I am not a crock-pot/slow cooker type of gal. I don't feel comfortable leaving something cooking unattended all day. I just got a new cookbook that has many slow cooker recipes. Is there a way to convert the times to work for a regular stove-top or oven without a lot of trial and error??
Hi Brigid! I'm not expert of course, and I love my crockpot, but I'd imagine the only difference would be you make your food on the stove or in the oven, um, faster.
Right now I have a sauce cooking in my crock pot. It's been on there since this morning and it makes the house smell so good! If I wanted to make it on the stove I would have started it around now. I assume the only difference is the slow cooker, um, cooks things slower. lol. kwim?
Nature is the 'Great Mysterious' ... the religion before religions. Peter Matthiessen, Indian Country
Widdle_NYI'd imagine the only difference would be you make your food on the stove or in the oven, um, faster.
When I cook on the stove and trust me, I love my crock pot so that doesn't happen too often. Okay, here's what I do. Pay attention now. You might want to write this down. I'll wait for you to get a pen and paper. Ready? How do I know when something is done on the stove? The same way I know it's done in the crock pot...I taste it! lol.
Widdle_NYThe same way I know it's done in the crock pot...I taste it!
Brigid, I'm sorry I'm the only one who replied to you. I guess that means I'm right. What can I say, it's a curse. lol. Whatever you make I'm sure it'll be delicious. What time we eating?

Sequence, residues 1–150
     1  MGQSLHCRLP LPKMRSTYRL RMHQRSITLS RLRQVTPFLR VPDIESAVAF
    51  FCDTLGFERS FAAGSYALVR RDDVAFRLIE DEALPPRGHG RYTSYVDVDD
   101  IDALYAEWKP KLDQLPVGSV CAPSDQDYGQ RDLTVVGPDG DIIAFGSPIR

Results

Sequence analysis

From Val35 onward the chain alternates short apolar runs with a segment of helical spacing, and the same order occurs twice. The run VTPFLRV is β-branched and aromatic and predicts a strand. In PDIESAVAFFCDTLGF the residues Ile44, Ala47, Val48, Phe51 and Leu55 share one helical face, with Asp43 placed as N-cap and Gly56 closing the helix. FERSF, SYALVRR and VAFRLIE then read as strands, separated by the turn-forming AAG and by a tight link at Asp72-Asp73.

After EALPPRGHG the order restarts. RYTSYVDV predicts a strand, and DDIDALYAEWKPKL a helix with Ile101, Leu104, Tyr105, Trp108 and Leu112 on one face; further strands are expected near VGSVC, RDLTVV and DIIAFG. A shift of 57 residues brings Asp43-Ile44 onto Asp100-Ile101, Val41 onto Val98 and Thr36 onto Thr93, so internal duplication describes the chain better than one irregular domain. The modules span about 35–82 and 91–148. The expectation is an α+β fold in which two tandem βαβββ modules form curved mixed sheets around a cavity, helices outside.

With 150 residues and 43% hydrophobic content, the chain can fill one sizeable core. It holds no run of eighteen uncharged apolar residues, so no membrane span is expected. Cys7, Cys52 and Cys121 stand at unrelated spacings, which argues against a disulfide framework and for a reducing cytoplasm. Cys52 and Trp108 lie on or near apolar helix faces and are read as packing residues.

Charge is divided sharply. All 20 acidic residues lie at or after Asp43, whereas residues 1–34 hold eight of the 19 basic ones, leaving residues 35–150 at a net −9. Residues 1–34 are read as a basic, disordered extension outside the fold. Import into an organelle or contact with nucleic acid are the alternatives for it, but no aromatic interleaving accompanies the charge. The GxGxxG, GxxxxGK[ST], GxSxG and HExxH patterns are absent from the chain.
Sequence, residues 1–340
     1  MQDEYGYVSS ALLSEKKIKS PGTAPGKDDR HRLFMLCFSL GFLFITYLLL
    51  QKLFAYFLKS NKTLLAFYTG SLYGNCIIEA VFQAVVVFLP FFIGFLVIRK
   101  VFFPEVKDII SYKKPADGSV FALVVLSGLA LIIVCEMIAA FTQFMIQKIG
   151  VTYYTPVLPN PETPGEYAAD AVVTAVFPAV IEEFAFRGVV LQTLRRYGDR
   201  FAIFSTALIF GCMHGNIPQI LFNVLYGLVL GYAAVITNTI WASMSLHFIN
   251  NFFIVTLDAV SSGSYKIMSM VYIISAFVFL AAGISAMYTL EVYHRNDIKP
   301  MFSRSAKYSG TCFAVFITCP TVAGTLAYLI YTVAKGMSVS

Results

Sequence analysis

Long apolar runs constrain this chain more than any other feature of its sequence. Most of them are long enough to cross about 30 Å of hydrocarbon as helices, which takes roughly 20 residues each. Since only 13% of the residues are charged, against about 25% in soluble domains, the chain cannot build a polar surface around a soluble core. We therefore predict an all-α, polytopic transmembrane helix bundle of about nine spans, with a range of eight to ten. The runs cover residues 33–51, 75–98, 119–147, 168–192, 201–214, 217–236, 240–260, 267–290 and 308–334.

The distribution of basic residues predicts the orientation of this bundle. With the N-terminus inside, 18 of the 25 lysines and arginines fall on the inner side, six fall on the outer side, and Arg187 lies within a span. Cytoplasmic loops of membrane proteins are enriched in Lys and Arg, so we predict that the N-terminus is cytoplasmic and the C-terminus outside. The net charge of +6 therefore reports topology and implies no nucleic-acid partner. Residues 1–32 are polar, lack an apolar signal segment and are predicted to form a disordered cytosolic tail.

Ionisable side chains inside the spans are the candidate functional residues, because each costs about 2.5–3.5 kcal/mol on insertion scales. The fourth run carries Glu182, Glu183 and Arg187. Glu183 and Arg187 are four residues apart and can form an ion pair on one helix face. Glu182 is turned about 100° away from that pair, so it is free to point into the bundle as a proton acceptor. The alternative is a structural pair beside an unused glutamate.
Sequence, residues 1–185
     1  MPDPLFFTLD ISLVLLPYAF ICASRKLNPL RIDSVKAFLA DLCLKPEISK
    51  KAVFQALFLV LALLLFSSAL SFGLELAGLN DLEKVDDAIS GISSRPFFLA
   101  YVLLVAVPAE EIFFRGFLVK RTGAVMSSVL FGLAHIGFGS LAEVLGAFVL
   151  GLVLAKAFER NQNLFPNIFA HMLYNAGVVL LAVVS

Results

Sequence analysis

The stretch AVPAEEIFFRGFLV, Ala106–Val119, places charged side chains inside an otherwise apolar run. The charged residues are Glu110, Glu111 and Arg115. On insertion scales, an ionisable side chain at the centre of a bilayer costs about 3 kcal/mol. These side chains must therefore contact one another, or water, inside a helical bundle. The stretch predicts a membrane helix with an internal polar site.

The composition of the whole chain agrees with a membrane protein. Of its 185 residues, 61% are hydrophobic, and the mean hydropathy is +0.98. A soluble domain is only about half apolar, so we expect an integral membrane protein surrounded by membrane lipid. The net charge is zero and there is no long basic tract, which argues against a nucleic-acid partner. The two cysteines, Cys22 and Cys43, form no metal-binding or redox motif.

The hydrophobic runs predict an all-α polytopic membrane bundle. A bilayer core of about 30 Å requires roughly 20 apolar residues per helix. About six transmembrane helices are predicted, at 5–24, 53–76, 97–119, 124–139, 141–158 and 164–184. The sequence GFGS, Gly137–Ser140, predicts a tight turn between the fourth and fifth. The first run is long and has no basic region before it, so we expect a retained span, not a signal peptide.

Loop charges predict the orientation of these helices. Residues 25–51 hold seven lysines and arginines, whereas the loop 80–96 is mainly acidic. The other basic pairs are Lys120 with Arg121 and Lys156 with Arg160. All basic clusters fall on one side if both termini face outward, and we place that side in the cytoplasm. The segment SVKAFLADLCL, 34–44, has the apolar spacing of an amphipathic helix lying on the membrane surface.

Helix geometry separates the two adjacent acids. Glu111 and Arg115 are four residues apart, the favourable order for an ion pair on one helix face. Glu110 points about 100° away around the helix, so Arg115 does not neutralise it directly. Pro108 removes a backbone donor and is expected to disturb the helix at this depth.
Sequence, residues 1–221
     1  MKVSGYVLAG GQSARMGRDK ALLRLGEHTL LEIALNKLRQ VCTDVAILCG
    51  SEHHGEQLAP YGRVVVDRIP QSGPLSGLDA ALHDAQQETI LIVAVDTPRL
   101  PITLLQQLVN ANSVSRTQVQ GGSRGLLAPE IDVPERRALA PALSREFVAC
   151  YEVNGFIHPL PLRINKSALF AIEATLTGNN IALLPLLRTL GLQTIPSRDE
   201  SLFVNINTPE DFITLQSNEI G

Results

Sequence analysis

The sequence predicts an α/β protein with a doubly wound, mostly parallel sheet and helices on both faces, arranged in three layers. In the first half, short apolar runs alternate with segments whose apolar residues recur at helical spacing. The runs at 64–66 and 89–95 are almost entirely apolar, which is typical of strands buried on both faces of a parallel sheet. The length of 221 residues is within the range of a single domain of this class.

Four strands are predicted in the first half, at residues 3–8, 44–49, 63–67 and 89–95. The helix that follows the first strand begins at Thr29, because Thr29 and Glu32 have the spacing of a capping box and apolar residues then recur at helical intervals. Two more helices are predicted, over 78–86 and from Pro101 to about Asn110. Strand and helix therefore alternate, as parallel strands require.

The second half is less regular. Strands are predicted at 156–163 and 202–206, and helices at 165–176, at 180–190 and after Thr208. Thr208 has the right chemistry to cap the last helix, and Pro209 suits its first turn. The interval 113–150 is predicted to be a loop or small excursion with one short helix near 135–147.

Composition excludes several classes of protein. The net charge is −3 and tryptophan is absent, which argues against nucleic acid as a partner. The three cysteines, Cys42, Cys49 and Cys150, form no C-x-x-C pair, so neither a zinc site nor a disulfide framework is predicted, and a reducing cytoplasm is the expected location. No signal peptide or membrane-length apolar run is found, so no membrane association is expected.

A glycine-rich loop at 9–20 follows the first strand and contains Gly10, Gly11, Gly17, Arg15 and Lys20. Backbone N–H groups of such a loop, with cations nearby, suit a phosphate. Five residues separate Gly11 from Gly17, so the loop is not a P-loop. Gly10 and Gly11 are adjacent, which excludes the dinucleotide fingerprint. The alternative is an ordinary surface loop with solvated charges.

Brigid, I've cooked crockpot recipes on the stove top or in the oven. Generally, if it's a cut of meat (hold on - I'm getting there!) that requires a long cooking time, like stew beef or beef short ribs, I'll check another recipe book for similar things not made in a crock pot. If your recipes call for rice or beans, you'd figure the cooking time based on those ingredients. A casserole made with rice as a base would take about 35-45 minutes in the oven at 350. Pasta-based recipes would take about the same, presuming the pasta is cooked before hand. Most of those dishes really just need to be heated through. You could also figure that casseroles where all the ingredients are cooked ahead of time and then combined would take less time. Also, you might need less or more liquid on top of the stove or in the oven than in the crockpot. I'd look at the recipe with my "cook's eyes" and make the adjustments.
Howdy Brig - without seeing the recipe, I couldn't tell ya. Have a recipe in mind?
I don't think there's much of anything that one can cook in a crockpot, that I can't do on the range in under 30 minutes. Running an electrical, heat-producing appliance all day simply doesn't appeal to me. Not from an ecological, or financial, or nutritional standpoint. Foods are so much healthier if cooked quickly and not overcooked., But that's just one person's opinion.
For quick rangetop cooking, you may have to replace some ingredients with others. For example, if you're going to make a stew in about a half hour, you use something like sirloin tips, rather than stew meat, of course. If you're cooking veg that normally take a while, they need to be in relatively small pieces to help speed up the cooking process.
Since you said the recipes are mostly for veg, you should have no problem. Just cook on the range, until the vegetables are done to your family's liking. Unless you're talking white or sweet potatoes, squash or something else really firm, most times, vegetables aren't going to take you more than 10-15 minutes, but it will, of course, depend upon the veg, the recipe, etc.
I wanted to thank everyone for helping me with my cooking dilemma. It sounds like I need to cook like a regular soup/stew, but maybe reduce the recommended water.
Right now it's 100 in the shade so my soup cooking may be put off for a few months!
Thanks for all the help!
© RDA Enthusiast Brands, LLC 2015